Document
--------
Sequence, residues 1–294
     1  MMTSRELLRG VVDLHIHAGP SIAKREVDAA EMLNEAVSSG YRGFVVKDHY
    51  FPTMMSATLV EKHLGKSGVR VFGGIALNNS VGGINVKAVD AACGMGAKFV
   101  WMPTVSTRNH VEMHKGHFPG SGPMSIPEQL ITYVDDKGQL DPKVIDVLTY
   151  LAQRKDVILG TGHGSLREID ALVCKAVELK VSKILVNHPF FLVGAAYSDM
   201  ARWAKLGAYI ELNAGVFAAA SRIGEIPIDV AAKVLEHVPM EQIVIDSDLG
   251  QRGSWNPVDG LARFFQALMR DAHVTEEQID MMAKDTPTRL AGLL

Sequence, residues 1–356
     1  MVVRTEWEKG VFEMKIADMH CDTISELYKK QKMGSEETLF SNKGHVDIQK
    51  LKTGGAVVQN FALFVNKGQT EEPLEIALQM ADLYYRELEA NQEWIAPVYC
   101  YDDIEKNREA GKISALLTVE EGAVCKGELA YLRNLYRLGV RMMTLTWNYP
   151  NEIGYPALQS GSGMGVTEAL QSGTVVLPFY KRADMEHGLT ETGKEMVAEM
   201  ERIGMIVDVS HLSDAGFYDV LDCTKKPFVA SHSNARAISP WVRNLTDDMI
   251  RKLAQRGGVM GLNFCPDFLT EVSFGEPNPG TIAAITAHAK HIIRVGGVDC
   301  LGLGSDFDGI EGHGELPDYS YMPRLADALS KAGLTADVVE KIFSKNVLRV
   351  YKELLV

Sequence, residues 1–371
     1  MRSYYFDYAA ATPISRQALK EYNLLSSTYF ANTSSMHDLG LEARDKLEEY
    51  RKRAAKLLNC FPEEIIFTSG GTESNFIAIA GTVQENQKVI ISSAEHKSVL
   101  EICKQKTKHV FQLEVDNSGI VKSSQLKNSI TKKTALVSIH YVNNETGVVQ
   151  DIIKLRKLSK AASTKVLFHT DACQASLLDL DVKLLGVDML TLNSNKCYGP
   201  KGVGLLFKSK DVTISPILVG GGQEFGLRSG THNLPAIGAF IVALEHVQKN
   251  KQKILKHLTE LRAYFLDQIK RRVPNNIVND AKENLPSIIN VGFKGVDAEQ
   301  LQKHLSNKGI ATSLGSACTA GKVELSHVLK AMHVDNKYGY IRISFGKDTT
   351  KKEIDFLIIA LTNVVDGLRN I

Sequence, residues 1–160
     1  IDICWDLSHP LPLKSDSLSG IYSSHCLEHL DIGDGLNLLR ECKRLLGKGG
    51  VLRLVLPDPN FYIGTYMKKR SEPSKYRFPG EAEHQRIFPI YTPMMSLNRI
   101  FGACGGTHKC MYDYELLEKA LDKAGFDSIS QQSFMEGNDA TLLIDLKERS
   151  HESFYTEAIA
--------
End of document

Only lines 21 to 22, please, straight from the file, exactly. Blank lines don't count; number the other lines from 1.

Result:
   151  DIIKLRKLSK AASTKVLFHT DACQASLLDL DVKLLGVDML TLNSNKCYGP
   201  KGVGLLFKSK DVTISPILVG GGQEFGLRSG THNLPAIGAF IVALEHVQKN